The pleasurable activity of “ sanging” or digging ginseng was also one of the most profitable for frontier families. The hardwood forests of Appalachia were the ideal environment for this hardy perennial. Through most of the 19th century tons of ginseng were shipped annually to Asia where it was highly valued for its medicinal properties. In mountain communities, it played an important role as a source of ready cash for subsistence farmers. By the end of the 19th century, over-harvesting led to a sharp decline in production, and poaching on private and public lands remains a problem. Ginseng production remains profitable and sustainable by careful cultivation of commercial ginseng or if only the older wild plants are harvested and their seeds replanted.
Below is the Digital Heritage Moment as broadcast on the radio:
- Hot Springs Located in Madison County at the confluence of the French Broad River and Spring Creek, Hot Springs has long been a destination for therapeutic relief. First Native Americans, then […]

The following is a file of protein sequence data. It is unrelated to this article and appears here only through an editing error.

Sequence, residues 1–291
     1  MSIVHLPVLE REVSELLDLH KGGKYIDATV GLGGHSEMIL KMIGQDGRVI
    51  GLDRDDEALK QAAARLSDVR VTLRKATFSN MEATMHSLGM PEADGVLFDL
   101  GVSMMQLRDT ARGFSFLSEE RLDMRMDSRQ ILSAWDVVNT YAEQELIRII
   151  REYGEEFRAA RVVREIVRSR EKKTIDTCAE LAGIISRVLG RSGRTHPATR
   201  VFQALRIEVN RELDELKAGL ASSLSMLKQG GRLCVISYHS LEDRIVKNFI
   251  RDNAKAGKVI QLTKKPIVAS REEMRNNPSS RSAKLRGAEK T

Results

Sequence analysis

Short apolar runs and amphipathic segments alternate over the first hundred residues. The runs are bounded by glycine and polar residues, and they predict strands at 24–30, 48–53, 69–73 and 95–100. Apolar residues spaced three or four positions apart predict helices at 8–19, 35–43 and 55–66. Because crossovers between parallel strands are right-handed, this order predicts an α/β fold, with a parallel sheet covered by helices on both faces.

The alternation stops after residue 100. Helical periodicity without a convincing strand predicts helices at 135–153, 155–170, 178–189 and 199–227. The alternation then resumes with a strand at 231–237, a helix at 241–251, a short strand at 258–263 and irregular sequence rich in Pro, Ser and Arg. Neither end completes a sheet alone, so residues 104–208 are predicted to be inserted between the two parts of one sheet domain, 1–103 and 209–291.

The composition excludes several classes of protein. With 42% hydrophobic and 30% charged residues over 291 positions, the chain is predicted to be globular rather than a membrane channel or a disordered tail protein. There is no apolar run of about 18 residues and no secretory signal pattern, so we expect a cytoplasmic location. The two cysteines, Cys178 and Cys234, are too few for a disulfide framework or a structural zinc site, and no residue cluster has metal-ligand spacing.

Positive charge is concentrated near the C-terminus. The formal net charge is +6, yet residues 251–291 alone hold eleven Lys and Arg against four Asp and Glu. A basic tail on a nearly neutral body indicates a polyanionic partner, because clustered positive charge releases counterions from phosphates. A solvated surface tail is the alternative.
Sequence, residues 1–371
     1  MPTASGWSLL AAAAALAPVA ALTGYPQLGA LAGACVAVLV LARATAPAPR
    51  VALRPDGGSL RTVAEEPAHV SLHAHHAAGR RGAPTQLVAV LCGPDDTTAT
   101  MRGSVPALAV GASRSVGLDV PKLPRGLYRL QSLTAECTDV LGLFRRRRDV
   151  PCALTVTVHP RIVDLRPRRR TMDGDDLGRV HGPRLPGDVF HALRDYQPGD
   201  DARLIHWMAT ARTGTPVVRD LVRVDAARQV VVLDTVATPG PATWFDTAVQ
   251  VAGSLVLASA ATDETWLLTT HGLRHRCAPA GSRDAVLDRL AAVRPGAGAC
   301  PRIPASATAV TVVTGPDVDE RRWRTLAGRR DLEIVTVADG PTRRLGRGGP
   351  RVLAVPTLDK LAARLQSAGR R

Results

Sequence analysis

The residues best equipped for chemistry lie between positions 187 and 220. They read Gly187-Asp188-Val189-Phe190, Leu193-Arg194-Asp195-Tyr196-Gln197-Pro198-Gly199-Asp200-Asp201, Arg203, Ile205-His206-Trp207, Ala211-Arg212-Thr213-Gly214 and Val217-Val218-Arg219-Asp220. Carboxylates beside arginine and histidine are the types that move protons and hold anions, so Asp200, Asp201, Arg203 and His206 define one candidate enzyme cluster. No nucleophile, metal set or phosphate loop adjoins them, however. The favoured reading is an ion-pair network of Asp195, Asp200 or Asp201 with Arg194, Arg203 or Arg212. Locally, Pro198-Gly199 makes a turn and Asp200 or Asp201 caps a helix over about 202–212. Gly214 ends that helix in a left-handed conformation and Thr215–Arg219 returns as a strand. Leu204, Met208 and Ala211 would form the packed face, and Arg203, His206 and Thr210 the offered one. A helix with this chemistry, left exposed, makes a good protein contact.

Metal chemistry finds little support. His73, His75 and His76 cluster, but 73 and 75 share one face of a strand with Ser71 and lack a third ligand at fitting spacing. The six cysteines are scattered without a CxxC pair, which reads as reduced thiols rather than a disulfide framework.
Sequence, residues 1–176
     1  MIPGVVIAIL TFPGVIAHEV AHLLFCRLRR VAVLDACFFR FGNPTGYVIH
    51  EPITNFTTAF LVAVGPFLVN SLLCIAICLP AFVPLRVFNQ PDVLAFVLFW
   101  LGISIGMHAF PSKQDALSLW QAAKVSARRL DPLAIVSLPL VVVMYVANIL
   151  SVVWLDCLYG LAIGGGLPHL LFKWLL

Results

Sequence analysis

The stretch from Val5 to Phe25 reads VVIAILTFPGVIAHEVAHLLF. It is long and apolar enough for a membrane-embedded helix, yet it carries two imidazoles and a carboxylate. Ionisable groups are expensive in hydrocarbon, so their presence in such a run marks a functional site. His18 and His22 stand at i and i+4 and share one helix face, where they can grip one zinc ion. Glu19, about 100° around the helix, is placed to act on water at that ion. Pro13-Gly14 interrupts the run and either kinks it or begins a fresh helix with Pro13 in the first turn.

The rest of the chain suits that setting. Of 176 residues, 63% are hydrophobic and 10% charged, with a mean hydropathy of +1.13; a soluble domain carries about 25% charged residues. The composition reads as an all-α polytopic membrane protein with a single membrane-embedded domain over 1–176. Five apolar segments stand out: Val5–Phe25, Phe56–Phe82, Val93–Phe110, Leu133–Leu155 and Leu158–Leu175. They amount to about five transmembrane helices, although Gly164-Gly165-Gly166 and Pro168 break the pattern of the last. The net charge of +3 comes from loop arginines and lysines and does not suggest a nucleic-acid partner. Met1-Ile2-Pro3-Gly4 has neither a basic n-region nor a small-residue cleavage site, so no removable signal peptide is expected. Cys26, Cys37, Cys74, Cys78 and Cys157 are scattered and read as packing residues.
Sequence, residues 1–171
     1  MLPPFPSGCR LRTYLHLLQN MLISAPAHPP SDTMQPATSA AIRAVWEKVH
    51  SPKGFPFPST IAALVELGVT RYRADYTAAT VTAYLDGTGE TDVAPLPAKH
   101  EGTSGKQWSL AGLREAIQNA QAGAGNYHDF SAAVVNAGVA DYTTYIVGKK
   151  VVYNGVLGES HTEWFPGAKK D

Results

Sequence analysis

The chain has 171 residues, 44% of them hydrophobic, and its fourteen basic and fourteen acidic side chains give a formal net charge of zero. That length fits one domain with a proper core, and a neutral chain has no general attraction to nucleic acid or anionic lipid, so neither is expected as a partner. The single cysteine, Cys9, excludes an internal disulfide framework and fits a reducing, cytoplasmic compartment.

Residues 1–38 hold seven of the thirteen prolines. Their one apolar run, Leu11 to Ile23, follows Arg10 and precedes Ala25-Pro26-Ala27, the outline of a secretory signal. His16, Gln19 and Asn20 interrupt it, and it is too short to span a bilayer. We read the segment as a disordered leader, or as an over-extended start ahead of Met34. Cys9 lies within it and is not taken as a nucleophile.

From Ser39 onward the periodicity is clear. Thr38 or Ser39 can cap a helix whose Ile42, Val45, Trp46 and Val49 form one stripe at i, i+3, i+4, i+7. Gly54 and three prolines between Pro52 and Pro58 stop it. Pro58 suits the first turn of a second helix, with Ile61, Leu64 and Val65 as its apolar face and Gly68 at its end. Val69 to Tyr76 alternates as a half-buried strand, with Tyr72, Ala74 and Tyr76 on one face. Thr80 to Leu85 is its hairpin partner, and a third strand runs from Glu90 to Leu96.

- Leona T. Hayes, 1978
Leona T. Hayes receiving the award in 1978.
- Ben Long Ben Long, an internationally acclaimed American painter, grew up in Statesville, North Carolina. In the 1970s the then unknown artist persuaded the priest in charge of two small, rural […]
- H. F. Robinson, 1979
Robinson Presented Heritage Award During Building Dedication At WCU
Dr. H.F. Robinson, Chancellor of Western Carolina University, was presented the 1979 […]
- Mary Ulmer Chiltosky, 1986
Chiltoskey Receives Mountain Heritage Award
Mary Ulmer Chiltoskey – teacher, librarian and keeper of Cherokee tribal myths, legend and medicine lore – was presented with the […]